The Von Weizsäckers, Germany’s Kennedys
EDITORIAL, 2 March 2015
#365 | Johan Galtung, 2 Mar 2015 - TRANSCEND Media Service
President Richard von Weizsäcker passed away 31 January and was very much celebrated in Germany for his brilliant presidency to normalize a Germany with a troubled past, even divided on top of that. But, by and large leaving out his global perspectives mentioned below.
His brother Car Friedrich was a nuclear physicist turned peace activist with a wonderful peace program, in one word: Weltinnenpolitik, world domestic policy (well, it depends on the country, some domestic policies are better than others; I would go for a Swiss coalition governance, federalism, direct democracy).
The president’s nephew Ernst Ulrich is an energy-environment leader, in Germany and through the UN in the world.
I have/had the privilege of knowing them all, and my tribute to Carl Friedrich when he passed away is an editorial dated 2 July 2012. Richard kindly sent greetings to the symposium on “Peace Studies and World Domestic Policy” on the occasion of my 80th birthday.
President John F. Kennedy also had a brother, Robert F. Kennedy; both murdered in (by?) the USA. The president’s nephew, Robert F. Jr., recently published three articles (firstname.lastname@example.org) where, in a position to know, he tells the story of the USA-Cuba past: “JFK’s secret negotiations with Fidel”, “Sabotaging U.S.-Cuban detente in the Kennedy Era” and the future: “We have so much to learn from Cuba”. The titles say it all: efforts, thwarted by CIA; time to catch up.
There is a difference: the Kennedys, on top of an empire falling already at JFK’s time, and today maybe on a road heading for nowhere. The von Weizsäckers have that behind them–their father, Robert Jr’s grandfather–played a major role in Nazi Germany’s foreign policy.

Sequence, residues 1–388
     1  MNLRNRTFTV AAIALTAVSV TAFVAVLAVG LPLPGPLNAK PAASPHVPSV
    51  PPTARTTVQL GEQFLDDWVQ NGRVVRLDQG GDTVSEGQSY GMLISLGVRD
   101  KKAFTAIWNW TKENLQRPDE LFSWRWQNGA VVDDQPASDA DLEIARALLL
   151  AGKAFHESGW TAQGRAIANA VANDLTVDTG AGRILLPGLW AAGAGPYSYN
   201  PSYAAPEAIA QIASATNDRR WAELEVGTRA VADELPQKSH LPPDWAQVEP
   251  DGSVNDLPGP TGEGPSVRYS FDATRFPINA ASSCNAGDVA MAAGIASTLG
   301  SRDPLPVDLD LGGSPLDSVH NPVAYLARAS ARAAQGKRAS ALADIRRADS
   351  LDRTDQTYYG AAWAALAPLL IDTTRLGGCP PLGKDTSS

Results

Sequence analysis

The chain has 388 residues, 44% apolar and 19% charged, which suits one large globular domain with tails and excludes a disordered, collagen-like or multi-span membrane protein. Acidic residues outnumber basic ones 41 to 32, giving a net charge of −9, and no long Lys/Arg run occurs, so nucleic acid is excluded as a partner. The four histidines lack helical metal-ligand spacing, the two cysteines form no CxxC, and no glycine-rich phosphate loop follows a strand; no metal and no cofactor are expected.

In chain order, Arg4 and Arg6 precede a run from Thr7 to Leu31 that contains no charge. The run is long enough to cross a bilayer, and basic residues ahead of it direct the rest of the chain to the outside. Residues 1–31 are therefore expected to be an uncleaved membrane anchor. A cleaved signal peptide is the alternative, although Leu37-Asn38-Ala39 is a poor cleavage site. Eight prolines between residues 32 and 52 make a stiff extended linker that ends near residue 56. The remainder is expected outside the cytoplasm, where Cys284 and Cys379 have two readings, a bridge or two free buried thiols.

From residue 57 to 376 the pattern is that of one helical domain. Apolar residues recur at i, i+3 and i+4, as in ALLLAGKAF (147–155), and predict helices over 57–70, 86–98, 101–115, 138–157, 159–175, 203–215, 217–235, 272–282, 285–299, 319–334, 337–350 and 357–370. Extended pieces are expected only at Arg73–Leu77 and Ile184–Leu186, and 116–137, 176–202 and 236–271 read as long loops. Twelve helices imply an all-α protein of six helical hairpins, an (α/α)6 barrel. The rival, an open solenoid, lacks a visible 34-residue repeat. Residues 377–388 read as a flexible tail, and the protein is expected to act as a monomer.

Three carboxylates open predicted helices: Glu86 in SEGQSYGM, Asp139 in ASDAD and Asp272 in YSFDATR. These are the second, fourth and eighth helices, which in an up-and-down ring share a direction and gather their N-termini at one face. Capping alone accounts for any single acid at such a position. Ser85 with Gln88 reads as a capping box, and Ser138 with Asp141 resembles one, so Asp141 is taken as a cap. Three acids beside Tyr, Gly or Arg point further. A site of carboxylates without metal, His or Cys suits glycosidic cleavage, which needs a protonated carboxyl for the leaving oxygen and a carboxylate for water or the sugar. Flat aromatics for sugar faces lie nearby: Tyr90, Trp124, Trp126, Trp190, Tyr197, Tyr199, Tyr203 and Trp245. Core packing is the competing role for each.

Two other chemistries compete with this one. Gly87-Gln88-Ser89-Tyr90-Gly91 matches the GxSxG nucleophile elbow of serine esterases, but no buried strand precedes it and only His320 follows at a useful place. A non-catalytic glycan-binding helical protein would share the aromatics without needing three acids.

Today’s Germany is headed for somewhere, restored by many, indeed by the Weizsäckers, Jürgen Habermas, and so many others. And that somewhere is not only in domestic German but in Germany’s global role.
Richard’s basic point, charting that road–in one sentence from a key speech in the Hamburg city hall 2 December 1993–adding, with his nephew, to his brother’s mantra: “Today foreign policy must be Earth policy”, Earth standing for Planet Earth.
Development, environment, human rights, United Nations, international ethics and national interests do not contradict each other. “The foreign policy of nations and regions develop into world domestic policy, with the United Nations as their forum”. But how about his own country in particular?
After some disparaging words about the term “interest”–not German, coming from Latin via France–he presents a theory of Germany’s role in the world. “Germany is too small to do anything alone, but too big to be overlooked and bypassed; foreign affairs cannot develop further without our agreement and participation”. Germany is not leading the game alone, nor a ball for others to play. The two together protect Germany against lack of political will and gives Germany enough weight and responsibility for Earth politics.